The U.S. Court of Appeals for the Ninth Circuit recently weighed in on whether an employee who has been granted access to his employer’s computers - but uses information obtained from those computers in a manner contrary to the employer’s interest - has acted “without authorization” in violation of the Computer Fraud and Abuse Act (CFAA), a federal statute that imposes criminal and civil liability for certain computer crimes and abuses. See LVRC Holdings LLC, v. Brekka, et al., No. 07-17116 (9th Cir., Sept. 15, 2009).1 The CFAA addresses a wide range of unlawful conduct – from damaging a computer to accessing a computer without authorization or in excess of authorization. The statute originally provided only criminal sanctions but subsequently was amended to provide a private right of action and civil remedies.

In Brekka, the Ninth Circuit came down on the side of the employee, ruling that because the employer had granted the employee access to the computers and information at issue, the employee did not violate the CFAA when he subsequently misused the information.

The pertinent facts were straightforward. The employee emailed the company’s valuable financial and other business records to his personal email account while he was employed, but did not delete the records when his employment ended. When the company later learned facts leading it to conclude that the former employee was using the information for improper purposes, it filed suit, alleging that the former employee accessed the information “without authorization” in violation of the CFAA. The Ninth Circuit affirmed the district court’s judgment for the employee, concluding that, under the plain meaning of the CFAA, an employee accesses a computer “without authorization” only where the employee has not received permission to use the computer in the first place (such as when a hacker accesses a computer without permission), or where the employer has rescinded access to the computer but the employee accesses the computer anyway.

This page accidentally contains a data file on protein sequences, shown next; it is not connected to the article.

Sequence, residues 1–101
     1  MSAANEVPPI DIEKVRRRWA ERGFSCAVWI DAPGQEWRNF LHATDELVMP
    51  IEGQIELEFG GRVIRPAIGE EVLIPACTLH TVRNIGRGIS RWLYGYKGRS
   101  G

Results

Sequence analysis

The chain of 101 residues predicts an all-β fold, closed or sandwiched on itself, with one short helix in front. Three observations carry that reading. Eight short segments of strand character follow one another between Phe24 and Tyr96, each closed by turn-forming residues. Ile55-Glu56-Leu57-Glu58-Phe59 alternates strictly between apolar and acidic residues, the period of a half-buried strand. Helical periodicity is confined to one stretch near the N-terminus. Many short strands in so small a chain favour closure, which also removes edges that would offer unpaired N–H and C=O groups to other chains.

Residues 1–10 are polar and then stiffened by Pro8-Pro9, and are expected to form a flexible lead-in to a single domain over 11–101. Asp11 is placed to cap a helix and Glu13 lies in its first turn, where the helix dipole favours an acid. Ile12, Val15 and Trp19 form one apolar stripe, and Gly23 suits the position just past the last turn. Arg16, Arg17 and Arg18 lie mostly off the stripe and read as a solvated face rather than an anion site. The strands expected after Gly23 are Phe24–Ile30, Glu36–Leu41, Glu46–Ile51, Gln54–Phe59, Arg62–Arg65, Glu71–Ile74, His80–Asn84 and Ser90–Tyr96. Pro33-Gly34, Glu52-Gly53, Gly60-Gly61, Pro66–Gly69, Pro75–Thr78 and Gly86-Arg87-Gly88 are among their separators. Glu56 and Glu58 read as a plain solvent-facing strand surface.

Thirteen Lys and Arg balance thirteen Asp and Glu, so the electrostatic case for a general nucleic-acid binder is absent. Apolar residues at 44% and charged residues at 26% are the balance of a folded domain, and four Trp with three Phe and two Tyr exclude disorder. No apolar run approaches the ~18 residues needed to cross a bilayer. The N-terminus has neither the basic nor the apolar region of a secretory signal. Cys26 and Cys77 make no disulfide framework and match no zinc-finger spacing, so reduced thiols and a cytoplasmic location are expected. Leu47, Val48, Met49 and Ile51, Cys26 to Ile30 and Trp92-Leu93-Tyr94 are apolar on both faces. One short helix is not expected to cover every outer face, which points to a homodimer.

The Ninth Circuit held that it is irrelevant under the CFAA that an employee, who has been granted access to the employer’s computer information, subsequently uses the information for personal or wrongful purposes. Although not argued on appeal, the court concluded that the former employee would have prevailed even if the employer alleged that the improper use of the information “exceed[ed] authorized access,” because nothing in the CFAA suggests that an employee’s authorization to access information is “exceeded” where the employee subsequently misuses it, even if doing so breaches an employee’s duty of loyalty to his employer. It is worth noting that language in the opinion suggests that the outcome might have been different if the employer had a policy that prohibited the transfer of company information to a personal account or computer or required employees to return or delete all company information upon termination of employment.

Significantly, the Brekka decision is squarely at odds with the Seventh Circuit’s decision in International Airport Centers LLC v. Citrin, 440 F.3d 418 (7th Cir. 2006). In Citrin, the Seventh Circuit held that an employee’s authorization to access a computer ended for purposes of the CFAA when the employee breached his duty of loyalty by deleting information, including the employer’s business data and evidence of the employee’s efforts to set up a competing business in violation of his employment contract, from the employer’s computer.

The two recent decisions in Brekka and Citrin highlight just one of the vexing issues with the CFAA about which courts continue to wrestle. And it is unlikely that employers have heard the last word on whether an employee has acted “without authorization” or “exceed[ed] access” when he subsequently misuses his employer’s computer or information. The opposing conclusions reached by the Ninth and Seventh Circuits are sure to trigger additional litigation and may prompt the U.S. Supreme Court to take up the issue.

In the meantime, employers can take away a few important lessons from these cases:

  • First, employers should remember that, depending on the nature and scope of an employee’s conduct, the CFAA might be a valuable tool for deterring employee misuse of the employer’s computers and information, or for remedying the misappropriation or other misuse of trade secrets and other confidential information. Based on the particular facts, employers should consider the CFAA along with other potential claims they may have against disloyal employees and former employees – such as claims for trade secret misappropriation, breach of the duty of loyalty, or breach of an employment or nondisclosure agreement.  
  • Second, as Brekka illustrates, employers might want to take this opportunity to review their computer and confidentiality policies to ensure that clear directives are in place regarding the use – and misuse – of a company’s computers and information.
  • Finally, until the Supreme Court resolves the split in authority highlighted by Brekka and Citrin, all employers (but especially those with operations in multiple jurisdictions) should remain mindful of the CFAA’s different interpretations when crafting workplace policies and pursuing wrongdoers.